165A Deptford High St, SE8 3NU
It seems you can even go to Deptford these days and find a decent meal.
Deptford is the type of bleak place you wake up in when you have accidentally fallen asleep on the night bus. Staggering to the other side of the road to catch the exact same bus you just got off of, you drunkenly wonder what redeeming features this destitute and monotone little district could possibly possess that would encourage people to live here. The answer is pasta, it turns out.
Pasta, not unlike Deptford, has a chequered history in London. It is undoubtedly a superstar food – up there with the likes of ice cream, chips, and sandwiches…and probably hummus by the time the millennials are through with it – and yet getting a decent bowl of it in London has often proved problematic. Terrible identikit Italian restaurants have done such a good job of churning out reheated, sauce heavy, bland, smile-killing bowls of the stuff that the general rule when ordering pasta in a restaurant has been “don’t”.
So when Padella opened last year in Borough market, specialising in pasta dishes that were fresh, affordable, delicious, and every bit as comforting as a bowl of pasta should be, people went mad for it – obviously. Who doesn’t love pasta? It’s just been let down by kitchens (both professional and our own) for so long that we consigned it to the role of king of the comfort foods; to be eaten in massive quantities through tears of shame as a remedy to a long week full of petty arguments with co-workers and carb-free dinners. But not anymore. Padella proved that there was literally an appetite for a restaurant doing quality pasta. And so now…
Now we have Marcella. Situated just around the corner from Deptford Station, Marcella is set over two floors; the downstairs bar is a darker, more intimate space, while upstairs is all natural light, high ceilings, conviviality, and clean white lines. But who cares about all of that, or the staff or the drinks? (Both lovely, FYI) It’s a pasta restaurant, so let’s get to it.
The pasta is great. Really, really great. The Pasta al pomodoro was that often sought but rarely found beast of a simple thing done well. Perfectly cooked rigatoni coated in exactly the right amount of an unfussy, delicious sauce that tasted primarily of sweet, ripe tomatoes. Fusilli, courgette, chilli, and mint was also delicious. Of course it was, listen to those ingredients. It was summery, and light, and all of those other words. Squid ink bucatini (big spaghetti with a hole in the middle) with seafood may have been the star of the show. May, because I wouldn’t want to choose.
We kept diving into each dish and changing our mind on our favourite with each forkful. I often tell The Girl that I dream of one day becoming a fat Italian man, cigar in one hand, negroni balanced on my perfectly round, respectable belly, comfortably dozing in the Sicilian sun, surrounded by the smell of lemons and nubile farmer’s daughters (she’s not a massive fan of the idea, incidentally), and I tell you now, if I lived in Deptford then that dream would become reality sooner than I imagined (the fat bit, anyway – probs not the rest.) Because this is food I would happily eat two or three times a week from now until the day I die of a sudden heart attack as I play with my grandson amidst the tomato plants.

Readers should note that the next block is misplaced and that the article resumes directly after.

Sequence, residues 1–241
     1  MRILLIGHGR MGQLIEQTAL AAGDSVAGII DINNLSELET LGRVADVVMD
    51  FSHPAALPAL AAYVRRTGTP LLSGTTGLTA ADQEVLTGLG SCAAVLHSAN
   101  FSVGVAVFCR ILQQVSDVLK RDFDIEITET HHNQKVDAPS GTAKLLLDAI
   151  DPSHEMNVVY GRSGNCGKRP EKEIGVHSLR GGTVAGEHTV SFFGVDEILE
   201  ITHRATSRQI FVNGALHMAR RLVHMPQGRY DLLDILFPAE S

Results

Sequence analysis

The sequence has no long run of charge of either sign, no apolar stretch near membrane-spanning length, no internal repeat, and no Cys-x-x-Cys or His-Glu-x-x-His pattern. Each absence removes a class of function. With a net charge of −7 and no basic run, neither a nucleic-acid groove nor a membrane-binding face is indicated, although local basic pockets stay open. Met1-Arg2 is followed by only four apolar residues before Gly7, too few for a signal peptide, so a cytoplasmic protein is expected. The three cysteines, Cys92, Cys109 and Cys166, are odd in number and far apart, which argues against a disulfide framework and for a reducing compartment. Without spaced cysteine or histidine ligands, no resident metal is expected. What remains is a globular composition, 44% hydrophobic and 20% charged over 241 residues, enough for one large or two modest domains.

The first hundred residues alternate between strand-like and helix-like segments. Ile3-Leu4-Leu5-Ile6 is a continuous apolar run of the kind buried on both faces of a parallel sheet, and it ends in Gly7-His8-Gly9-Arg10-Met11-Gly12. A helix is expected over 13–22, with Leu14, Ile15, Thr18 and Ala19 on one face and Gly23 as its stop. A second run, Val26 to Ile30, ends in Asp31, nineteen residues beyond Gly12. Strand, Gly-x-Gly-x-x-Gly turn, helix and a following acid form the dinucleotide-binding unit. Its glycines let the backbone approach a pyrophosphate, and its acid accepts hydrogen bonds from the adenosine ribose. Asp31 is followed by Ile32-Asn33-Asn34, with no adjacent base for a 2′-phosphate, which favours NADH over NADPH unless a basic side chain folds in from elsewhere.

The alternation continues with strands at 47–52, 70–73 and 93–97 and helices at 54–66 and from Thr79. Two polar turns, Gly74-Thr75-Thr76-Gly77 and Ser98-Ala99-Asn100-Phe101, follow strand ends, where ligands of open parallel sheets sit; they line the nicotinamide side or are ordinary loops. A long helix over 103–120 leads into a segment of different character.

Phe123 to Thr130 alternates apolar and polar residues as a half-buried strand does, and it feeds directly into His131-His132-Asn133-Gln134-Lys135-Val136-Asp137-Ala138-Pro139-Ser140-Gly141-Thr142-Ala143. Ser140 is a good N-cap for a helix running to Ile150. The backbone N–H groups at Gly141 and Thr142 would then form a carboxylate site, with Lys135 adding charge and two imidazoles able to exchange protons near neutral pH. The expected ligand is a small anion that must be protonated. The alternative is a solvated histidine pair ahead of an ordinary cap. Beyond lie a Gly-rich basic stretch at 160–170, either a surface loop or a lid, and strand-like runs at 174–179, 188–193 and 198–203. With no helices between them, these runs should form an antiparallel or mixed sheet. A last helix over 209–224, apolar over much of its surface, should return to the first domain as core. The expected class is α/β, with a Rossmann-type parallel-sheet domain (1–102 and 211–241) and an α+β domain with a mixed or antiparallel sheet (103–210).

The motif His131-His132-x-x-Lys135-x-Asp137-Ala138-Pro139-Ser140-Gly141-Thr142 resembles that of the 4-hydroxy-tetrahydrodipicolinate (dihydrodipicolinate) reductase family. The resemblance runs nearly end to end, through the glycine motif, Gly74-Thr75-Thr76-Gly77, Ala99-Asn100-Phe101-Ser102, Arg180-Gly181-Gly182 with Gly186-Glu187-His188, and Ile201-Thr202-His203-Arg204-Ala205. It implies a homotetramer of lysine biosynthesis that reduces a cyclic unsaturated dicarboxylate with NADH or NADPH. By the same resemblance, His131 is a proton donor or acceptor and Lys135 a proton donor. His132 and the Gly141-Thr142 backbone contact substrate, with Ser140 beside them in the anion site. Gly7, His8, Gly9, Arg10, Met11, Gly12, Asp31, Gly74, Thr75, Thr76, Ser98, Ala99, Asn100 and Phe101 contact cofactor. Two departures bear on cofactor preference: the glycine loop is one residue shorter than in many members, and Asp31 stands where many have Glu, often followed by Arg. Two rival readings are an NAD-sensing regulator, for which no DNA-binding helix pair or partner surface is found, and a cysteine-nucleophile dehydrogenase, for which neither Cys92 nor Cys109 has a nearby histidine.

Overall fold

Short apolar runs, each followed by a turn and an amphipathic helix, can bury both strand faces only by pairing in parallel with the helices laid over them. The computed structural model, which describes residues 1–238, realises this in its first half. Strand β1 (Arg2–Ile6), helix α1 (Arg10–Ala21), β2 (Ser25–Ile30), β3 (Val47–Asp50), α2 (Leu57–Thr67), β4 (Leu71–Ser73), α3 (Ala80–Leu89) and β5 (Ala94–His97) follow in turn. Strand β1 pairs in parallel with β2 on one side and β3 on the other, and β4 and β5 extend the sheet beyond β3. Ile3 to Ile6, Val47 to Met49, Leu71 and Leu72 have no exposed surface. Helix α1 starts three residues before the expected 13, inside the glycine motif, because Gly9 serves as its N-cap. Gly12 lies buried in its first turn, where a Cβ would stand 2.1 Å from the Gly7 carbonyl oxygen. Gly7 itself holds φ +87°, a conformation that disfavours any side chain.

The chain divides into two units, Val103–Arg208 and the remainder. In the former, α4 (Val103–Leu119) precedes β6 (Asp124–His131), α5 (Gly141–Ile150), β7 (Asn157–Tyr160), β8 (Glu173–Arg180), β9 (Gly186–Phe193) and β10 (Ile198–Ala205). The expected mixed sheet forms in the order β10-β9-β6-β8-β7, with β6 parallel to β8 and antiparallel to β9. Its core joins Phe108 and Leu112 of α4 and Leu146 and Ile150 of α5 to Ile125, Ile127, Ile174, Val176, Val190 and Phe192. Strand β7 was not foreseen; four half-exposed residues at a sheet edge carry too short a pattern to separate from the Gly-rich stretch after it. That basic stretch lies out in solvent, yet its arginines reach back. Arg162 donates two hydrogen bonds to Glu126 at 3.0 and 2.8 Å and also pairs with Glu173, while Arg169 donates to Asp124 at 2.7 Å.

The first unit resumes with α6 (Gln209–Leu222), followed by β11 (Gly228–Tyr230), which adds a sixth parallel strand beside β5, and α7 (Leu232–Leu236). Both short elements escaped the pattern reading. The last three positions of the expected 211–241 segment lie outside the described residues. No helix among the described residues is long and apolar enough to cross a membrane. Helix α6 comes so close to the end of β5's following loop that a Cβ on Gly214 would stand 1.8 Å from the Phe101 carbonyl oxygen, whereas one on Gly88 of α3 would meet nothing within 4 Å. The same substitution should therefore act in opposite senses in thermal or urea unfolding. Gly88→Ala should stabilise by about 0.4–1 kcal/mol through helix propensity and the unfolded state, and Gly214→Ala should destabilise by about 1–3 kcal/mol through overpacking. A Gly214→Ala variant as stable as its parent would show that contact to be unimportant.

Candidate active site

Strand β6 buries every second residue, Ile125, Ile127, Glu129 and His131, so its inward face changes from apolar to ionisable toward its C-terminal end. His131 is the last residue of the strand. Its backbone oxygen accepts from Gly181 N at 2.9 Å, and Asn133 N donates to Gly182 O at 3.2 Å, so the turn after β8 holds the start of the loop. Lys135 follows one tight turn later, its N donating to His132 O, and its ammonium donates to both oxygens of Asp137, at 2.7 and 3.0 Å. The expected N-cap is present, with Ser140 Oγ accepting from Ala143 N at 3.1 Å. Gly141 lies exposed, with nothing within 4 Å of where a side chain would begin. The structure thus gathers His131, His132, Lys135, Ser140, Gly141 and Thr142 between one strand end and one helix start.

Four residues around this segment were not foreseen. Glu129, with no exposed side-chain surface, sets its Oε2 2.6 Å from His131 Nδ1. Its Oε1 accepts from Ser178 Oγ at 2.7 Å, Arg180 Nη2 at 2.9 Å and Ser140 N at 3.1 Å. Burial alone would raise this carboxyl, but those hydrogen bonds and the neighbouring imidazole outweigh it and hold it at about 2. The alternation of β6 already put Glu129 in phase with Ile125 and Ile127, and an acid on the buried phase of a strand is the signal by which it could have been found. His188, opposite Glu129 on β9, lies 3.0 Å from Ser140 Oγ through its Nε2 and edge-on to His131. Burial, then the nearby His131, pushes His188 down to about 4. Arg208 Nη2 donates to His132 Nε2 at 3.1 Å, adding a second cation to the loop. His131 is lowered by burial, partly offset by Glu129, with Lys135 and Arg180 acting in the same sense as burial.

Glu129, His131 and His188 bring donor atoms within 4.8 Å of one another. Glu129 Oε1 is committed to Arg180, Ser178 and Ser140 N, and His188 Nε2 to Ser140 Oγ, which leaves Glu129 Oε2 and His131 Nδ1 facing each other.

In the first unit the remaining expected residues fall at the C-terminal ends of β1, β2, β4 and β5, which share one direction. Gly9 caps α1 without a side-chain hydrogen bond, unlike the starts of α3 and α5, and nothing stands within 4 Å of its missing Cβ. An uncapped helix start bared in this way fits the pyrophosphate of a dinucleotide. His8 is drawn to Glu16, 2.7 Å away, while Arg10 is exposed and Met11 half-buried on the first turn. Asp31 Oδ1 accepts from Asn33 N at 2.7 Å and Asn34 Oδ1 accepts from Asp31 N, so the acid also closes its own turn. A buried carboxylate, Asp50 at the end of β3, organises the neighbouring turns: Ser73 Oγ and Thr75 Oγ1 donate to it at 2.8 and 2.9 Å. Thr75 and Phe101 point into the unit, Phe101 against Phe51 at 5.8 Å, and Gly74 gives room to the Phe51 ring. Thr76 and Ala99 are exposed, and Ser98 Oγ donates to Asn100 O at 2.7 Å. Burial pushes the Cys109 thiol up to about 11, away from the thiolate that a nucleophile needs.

Marcella does other bits and pieces too – starters and the like. Confit pork jowl with peach mostarda (a chutney, essentially, although the Italians would vehemently disagree – with much unnecessary hand waving, no doubt) was rich and fatty and soft as butter. It turned out the way you always expect your slow cooked meat at home to turn out, but never quite does.
In fact, all of the food here is of that charming, rustic style that we grew up watching Jamie Oliver cook with consummate ease. It is intuitively delicious. There was always a sense when watching Jamie that you looked at his food and just thought, “Well, that’s obviously going to be yummy”. And the same is true here. Saffron arancini – not exactly revolutionary, but bloody tasty.
We got chatting to the couple next to us. I hate talking to people. I especially hate talking to strangers, with their stupid names and inability to laugh on cue, but it is the sort of friendly, relaxed place that encourages chat. Even with randomers. Plus, I was in a good mood from all the pasta. They too had travelled to Deptford especially to dine at Marcella. As I have already touched upon, since the docks closed in, oh I don’t know, fucking forever ago, there really hasn’t been a lot of reason to come to Deptford. Plenty of councils have promised to deliver regeneration, and implemented many stupid ideas and wasted much money in the pursuit of making Deptford relevant again. Yet like so much in life, the answer all along was pasta. Because damn right I’m coming here again. And maybe next time I’ll look for a local boozer in which to sink a few post pasta pints. Next thing you know I’m floating the idea of the affordable cost of renting in Deptford to The Girl and then all of a sudden, bam! Wankers like me with my French press are moving in and you have got yourself some seriously divisive gentrification on your hands.
And all because of a good bowl of pasta. No wonder it’s such a god damn superstar.
VERDICT: Makes a trip to Deptford worthwhile.
BETTER OPTIONS: As mentioned, Padella, on the fringes of Borough Market, is also going great guns on the pasta front.